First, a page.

Well, my perceptions about Vincent changed. Of course, they changed for a long time and will still change but now I’m talking about some DRAMATIC  shifting in my perception of Van Gogh. It won’t make much difference for anybody else but myself but for me, a life long Vincent Van Gogh unconditioned fan, it does…

First, let’s say that the reading of Naifeh & Smith, ”Van Gogh:The Life” is the cause of this shift. I did not finished the book (900 p and more, common!), I just browsed here and there, the most interesting periods of Van Gogh life (in my perception, of course), the Antwerpen period, Paris, Auvers sur Oise… But that was enough to have a different, less idealized and a lot less flattering image of Vincent……

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The Vanished Van Gogh

Van Gogh and I

It takes no doubt some very big intellectual “cojones” to reveal a Vincent Van Gogh like the one Steven Naifeh & Gregory White Smith just did, relative recently, by publishing ” Van Gogh:The Life”. This book goes a long way against the tide, against the legend and conventional myth of Vincent Van Gogh. Of course, the myth admits Vincent was a “mad” genius (and essentially, he was, but the accent is on GENIUS not on mad…) but the way the 2 authors extend the madness to, practically,his whole life is, to say the least, unusual, singular.

A weirdo from the beginning to the end, a maniac, a paranoid, quarrelsome, sometimes generous, sometimes blatantly ungrateful human being, the Naifeh & Smith’s Vincent is quite an unpleasant person to deal with. Failure after failure are minutiously described, with an almost scientific accuracy. And these 2 authors are very convincing. Not that…

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How to Decide if a Biography of Van Gogh deserves to be Read?

Recently, a good friend gave me the gift of an unknown, for me, biography of Van Gogh, “Vincent Van Gogh – A Life” by Philip Callow, 1990, at Elephant Paperback, Chicago.

Since TIME is of a very sensitive nature for me (as, maybe, it should be for everyone since it’s impossible to buy it or re-generate it…) I have to come with new ways of choosing my readings. Van Gogh being, still, after cancer healing and nutrition and meditation books, a preferred and important reading subject for me.

It took me cca 5 minutes to decide that Callow’s bio of Van Gogh wasn’t worth reading, at least, not by me. Maybe if you don’t know anything about Van Gogh (or just the media gossip, here and there) this book will be readable. But for me, or someone who read most of Van Gogh biographies, or at least, the important ones, this is an amateur, dilettant, bio. How did I arrive at this conclusion?

Well, first of all, I’ve browsed the bibliography. Aside from Vincent Letters (which, of course, are a sine qua non of ANY biography of Van Gogh) only very few of the important, interesting biographers of Vincent were there: Marc Edo Tralbaut. Only 2 other big names, but with general works, Herbert Read,  with “The Meaning Of Art” and Rainer Maria Rilke with “Letters to Cézanne” (as I’ve mentioned, works not directly related to Vincent).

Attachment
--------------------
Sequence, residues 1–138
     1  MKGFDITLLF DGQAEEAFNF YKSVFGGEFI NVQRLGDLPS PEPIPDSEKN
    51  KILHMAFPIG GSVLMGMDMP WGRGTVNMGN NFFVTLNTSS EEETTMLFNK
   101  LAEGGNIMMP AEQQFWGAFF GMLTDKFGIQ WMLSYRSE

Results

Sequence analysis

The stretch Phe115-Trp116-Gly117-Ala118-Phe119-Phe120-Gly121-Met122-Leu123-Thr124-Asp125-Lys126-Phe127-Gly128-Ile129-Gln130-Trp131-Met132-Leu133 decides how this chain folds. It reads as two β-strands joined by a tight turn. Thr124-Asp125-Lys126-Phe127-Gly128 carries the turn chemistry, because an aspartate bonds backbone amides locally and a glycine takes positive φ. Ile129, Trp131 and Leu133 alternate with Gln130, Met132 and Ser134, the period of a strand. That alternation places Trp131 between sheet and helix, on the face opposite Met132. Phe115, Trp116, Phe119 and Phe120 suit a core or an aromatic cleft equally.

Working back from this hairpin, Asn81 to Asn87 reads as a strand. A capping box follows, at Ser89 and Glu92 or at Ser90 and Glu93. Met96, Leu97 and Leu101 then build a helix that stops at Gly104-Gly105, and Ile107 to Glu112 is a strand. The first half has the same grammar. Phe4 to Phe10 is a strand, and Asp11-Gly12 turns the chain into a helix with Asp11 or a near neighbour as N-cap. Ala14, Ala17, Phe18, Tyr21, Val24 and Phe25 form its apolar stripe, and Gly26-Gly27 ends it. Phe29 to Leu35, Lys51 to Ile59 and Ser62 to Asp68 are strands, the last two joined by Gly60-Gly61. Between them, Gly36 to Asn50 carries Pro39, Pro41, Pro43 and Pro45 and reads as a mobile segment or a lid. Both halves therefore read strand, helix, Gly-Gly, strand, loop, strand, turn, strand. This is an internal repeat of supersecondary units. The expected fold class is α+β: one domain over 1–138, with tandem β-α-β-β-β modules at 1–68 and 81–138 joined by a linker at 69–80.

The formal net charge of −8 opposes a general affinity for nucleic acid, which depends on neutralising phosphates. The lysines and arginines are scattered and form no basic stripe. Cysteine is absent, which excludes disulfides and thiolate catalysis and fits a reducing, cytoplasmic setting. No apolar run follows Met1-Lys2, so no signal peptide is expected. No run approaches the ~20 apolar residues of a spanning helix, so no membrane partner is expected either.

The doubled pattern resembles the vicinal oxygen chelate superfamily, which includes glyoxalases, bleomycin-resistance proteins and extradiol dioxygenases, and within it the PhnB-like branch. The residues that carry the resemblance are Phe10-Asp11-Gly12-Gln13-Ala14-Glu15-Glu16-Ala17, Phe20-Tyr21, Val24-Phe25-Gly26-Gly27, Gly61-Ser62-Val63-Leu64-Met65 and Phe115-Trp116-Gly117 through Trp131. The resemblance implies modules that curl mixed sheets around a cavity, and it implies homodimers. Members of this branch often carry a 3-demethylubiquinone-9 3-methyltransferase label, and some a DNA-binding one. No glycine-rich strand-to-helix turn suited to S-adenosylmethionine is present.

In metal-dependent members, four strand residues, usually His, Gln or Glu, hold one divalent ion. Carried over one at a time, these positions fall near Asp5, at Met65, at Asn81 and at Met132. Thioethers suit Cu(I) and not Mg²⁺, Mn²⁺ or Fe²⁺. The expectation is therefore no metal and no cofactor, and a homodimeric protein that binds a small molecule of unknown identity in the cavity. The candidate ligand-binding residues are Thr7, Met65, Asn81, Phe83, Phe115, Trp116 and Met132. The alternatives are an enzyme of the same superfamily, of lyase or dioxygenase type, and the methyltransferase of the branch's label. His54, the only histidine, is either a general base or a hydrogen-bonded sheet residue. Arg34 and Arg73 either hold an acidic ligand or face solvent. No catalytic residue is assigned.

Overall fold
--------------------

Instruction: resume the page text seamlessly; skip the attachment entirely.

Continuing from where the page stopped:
So, this was a good hint this was only a commercial, conventional biography of Van Gogh, one written without the preparation or the special skills needed (the author “studied engineering and the teaching of English before turning to writing” ). Well, I’m not a stickler against engineers or English Teachers turned to writing. I think everybody deserves a chance.

But then I came to the supreme test, for me, of a good biography of Vincent. I’ve read the last chapter, the one about the death of Vincent and, eventually, his immediate post-mortem events. And there, without any doubt, I concluded that Philip Callow’s bio was, for me, worthless. No need to read, again and again, the conventional ( and false) legend of the death of Vincent. The “suicide” (taken as a given, no doubt, no inquiry of the question; of course, one cannot judge a 1990 bio of Vincent with the  StevenNaifeh and Gregory White Smith’s 2011 bio in mind, even if, for me, it’s not feasible any more; it’s kind of branded in my mind!) the good “friend” Paul Gachet doing his thing as a “family” doctor, etc. (Gachet wasn’t really a friend of Vincent, not at the end of his life; after some authors, who did extensive research on the matter, he was even a shameless profiteer not only of Van Gogh – who was his “profiteer masterpiece” though – but of all the Impressionists and post-impressionists who crossed his path: Pissarro, Monet (the “good” doctor even had the main responsibility in Monet’s wife untimely death) etc.; but that’s an entirely different subject…) Anyway, reading the chapter I was kind of bored and kind of disgusted of the conventionality and dulness of it.  Not to mention the conventional “Theo” dying after 6 months thing.  Lets say the truth, Theo’s death was, of course, precipitated, by Vincent’s. But he died of 3rd state syphilis. And their relations where a lot more complex and interesting than the conventional “loving” brother thing. (Let’s say that Vincent could be, really, sometimes, a pain in the arse for his family…) Some pretty good dual biographies are out there that really deserves to be read…